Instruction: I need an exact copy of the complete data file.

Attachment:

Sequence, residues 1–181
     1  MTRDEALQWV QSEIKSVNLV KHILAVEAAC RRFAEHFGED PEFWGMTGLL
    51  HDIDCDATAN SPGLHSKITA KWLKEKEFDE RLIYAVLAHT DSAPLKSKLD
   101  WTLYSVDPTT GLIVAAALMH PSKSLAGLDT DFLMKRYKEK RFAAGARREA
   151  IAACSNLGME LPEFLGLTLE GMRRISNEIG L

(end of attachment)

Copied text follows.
Sequence, residues 1–181
     1  MTRDEALQWV QSEIKSVNLV KHILAVEAAC RRFAEHFGED PEFWGMTGLL
    51  HDIDCDATAN SPGLHSKITA KWLKEKEFDE RLIYAVLAHT DSAPLKSKLD
   101  WTLYSVDPTT GLIVAAALMH PSKSLAGLDT DFLMKRYKEK RFAAGARREA
   151  IAACSNLGME LPEFLGLTLE GMRRISNEIG L